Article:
Friends – Dagan Smith, the best friend a man could hope for; Stephen Zimmer, who believed in me when I had lost faith in myself; Philip Hopkins, a great friend AND a great editor; Christopher Rico; Christopher Koeppel; Amelia Ragland Russell; Tilman Goins; Tyrone Smith; Jack Tribble; Scott McNabb; Keith Baker; and Heath Tatum. You all have given me more than I deserve, and any person with half as many friends who are half as good would still be deeply blessed.

Family – Collin; Finn; Mom; Dad; Marsha; Marty; Breezy; Christa; Jenna; Sammie; Jackson; Aunt Jane and Uncle Leroy; Aunt Jane and Uncle Bill; Janette; Angel; Aunt Billie; Shane and Dennis; and those who’ve passed on. I love you all.

Finally, I want to thank Tracy Kinsler, who offered me friendship when I needed it, who accepts me as I am, scars and all, who appreciates the little things, and who does the little things. You are stuck with me, now.

These next few days are going to be exciting and nerve-wrecking, but hold onto your hats because the ride could get pretty fun.

PS. If I accidentally omitted you, please send me a message, and I’ll add you in.

An Eight Pound Cannonball to the Skull

A quarter of a century, that’s how long it’s been. Twenty-five years. The number staggers me. On March 7, 1989, at roughly 3:30 PM, an eight pound cannonball struck my forehead, lifting me from my feet and flinging me a few yards backwards. The blow itself felt little more than a slight thud, and at first, there was no pain, only extreme disorientation and faces crowding around asking if I were okay. I only lost consciousness for a few seconds, though had I been a boxer, I would’ve been TKOed. For some insane reason, no one called an ambulance. Instead, they called my mother and told her there had been an accident. While we waited in the locker room, I joked with the coaches about wanting out of spring football practice. Mom and my grandfather came to the school and rushed me to the ER, where I was immediately taken to an examination room.

I will never forget the pain of the anesthetic needle piercing my scalp. Nothing before or since has hurt like that, and to this day, the memory causes me to tense. As the doctor sewed up the wound, we joked about how he had shot putted in an abandoned quarry and occasionally had to dodge falling rocks. I’ll spare you the details of the procedure.

Later, in my room, as the anesthesia wore off, the headache that would accompany me for a solid year emerged. Overall, I was in good spirits until I went to use the bathroom and saw my reflection in the mirror. I didn’t recognize myself. My skin had turned ash gray; my eyes were sunken and hollow; blood stained what parts of my hair were visible around the bandage; and the image in the mirror looked more like a skeleton than a sixteen year old athlete. I freaked out and began groping at the bandage. That part gets a little foggy, so I can’t remember who all rushed into the bathroom and got me back to bed, but I do remember sobbing uncontrollably and resisting them. That’s also about the time my brain started swelling.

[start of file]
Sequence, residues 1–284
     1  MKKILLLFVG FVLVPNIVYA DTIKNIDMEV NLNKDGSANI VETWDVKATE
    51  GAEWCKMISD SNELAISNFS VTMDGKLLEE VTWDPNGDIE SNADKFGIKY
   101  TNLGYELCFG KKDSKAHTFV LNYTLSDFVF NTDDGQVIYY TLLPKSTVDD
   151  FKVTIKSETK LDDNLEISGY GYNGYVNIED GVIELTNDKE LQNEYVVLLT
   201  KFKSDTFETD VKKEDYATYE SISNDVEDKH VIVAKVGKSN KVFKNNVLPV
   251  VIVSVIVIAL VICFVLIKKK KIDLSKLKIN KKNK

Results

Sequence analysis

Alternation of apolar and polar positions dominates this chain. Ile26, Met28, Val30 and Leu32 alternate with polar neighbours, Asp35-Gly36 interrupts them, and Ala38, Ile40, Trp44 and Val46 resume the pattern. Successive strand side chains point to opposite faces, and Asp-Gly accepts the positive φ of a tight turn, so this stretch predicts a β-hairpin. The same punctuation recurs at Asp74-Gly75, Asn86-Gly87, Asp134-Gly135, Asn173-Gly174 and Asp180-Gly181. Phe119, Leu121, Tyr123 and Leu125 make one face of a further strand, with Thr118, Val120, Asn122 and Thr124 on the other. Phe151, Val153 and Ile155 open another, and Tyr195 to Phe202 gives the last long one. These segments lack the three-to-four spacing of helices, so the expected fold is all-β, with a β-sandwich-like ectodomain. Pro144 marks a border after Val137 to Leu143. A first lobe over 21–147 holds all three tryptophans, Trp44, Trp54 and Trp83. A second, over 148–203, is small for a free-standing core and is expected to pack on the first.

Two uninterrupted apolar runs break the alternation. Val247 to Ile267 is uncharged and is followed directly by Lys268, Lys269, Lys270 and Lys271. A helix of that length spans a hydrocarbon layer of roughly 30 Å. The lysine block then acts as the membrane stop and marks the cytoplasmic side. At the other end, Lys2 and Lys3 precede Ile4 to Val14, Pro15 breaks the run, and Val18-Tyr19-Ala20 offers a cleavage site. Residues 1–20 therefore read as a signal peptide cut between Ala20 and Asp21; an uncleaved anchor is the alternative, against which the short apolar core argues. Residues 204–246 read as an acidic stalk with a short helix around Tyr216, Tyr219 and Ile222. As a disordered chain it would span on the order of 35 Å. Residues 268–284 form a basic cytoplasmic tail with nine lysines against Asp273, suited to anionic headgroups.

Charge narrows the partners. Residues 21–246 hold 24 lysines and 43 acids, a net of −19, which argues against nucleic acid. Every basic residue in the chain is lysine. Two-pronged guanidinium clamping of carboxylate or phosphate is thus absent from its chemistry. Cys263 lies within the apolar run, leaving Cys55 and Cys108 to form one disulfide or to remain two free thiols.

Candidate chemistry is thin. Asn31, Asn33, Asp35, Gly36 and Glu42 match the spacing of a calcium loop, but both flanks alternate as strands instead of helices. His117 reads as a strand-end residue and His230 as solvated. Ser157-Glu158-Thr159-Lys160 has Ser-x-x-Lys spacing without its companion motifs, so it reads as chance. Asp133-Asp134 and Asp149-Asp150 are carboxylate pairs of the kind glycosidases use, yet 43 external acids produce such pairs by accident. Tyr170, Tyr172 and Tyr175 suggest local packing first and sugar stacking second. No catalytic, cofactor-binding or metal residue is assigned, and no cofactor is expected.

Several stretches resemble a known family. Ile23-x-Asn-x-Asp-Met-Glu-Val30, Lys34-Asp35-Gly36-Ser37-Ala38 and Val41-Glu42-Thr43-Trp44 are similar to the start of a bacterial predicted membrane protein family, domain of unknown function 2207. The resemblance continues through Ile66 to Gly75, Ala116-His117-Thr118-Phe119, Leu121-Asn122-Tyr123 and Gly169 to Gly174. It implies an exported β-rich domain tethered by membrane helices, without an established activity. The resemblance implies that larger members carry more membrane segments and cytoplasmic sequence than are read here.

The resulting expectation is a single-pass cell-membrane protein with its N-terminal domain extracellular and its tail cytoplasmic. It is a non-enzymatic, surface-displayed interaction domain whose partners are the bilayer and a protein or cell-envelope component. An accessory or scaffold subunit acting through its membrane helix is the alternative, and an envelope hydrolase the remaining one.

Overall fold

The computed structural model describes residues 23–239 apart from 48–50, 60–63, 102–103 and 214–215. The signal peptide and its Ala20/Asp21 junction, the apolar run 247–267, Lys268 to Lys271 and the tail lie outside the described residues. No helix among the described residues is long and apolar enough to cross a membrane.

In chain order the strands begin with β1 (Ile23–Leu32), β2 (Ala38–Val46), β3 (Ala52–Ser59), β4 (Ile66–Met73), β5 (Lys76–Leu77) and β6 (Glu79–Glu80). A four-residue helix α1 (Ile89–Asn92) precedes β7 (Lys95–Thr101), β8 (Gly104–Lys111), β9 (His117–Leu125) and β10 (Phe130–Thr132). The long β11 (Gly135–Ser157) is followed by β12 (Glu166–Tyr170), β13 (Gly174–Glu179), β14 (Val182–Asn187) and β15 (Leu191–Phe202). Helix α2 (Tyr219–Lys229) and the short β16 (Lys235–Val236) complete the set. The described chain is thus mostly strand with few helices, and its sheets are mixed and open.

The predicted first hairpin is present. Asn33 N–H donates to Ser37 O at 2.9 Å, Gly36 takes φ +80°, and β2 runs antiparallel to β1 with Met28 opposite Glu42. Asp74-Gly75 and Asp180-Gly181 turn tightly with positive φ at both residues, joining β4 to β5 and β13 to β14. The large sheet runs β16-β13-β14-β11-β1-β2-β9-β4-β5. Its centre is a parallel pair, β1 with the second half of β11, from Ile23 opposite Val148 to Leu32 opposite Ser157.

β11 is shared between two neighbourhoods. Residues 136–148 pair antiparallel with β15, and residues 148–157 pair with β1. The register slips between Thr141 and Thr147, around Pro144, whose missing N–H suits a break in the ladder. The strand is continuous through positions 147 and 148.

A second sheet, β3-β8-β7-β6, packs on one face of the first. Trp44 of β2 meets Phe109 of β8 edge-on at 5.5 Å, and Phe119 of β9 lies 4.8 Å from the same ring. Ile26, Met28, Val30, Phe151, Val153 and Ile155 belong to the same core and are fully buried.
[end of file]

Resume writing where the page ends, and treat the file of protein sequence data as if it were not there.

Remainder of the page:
Imagine a balloon expanding inside your skull. It’s an unpleasant sensation. I don’t know how long it lasted, but my body went into shock. My blood pressure reached 200 over 140, and my pupils stopped dilating. It’s difficult to describe this part because the deeper into shock I went, the calmer I became. One moment, I could hear the helicopter landing outside to rush me to Knoxville and my parents freaking out and a nurse frantically begging my pupils to respond, and the next, all became quiet and still. My best description is that it felt like slipping into a perfectly warm bath. The headache vanished, and the most exquisite tranquility overcame me. There simply aren’t adequate words to describe the presence I felt, but after that experience, I can never fully call myself an atheist because I felt something.

I have no idea how long I was like that. Maybe seconds, maybe hours. I do remember the nurse exclaiming, “Oh, thank God” when my pupils finally reacted to her light, and suddenly all the sounds were back. And that headache. Oh man, that headache. No matter what migraine you’ve experienced, I’m sorry, but you haven’t really had a headache. Though not as sharp and blinding as the needle, it throbbed and pulsated and bashed the inside of my skull. To this day, it takes quite a pounder for me even to mention my head hurting.

The next couple of hours are fuzzy. There was a wheelchair ride to a CT scan, and chilly nighttime air as we crossed an outdoor area. I remember seeing fear in my father’s eyes for the first and only time. The rest is a haze.

I wanted to sleep so badly, but back then, they still believed that sleep after head trauma produced coma, so every few minutes a nurse made sure I remained awake. Other than Tylenol, I got nothing for the pain, and that was like throwing a cup of water on a house fire. All night, in the dark room, I stared at the ceiling, listening to the single beep of a monitor. Mom slept fitfully in the corner. Dad had gone home since I had stabilized and he had to work the next day. I can’t remember what I thought about through the night, but I remember the pain. I remember being simultaneously thrilled to see but annoyed by the brightness of the sunrise.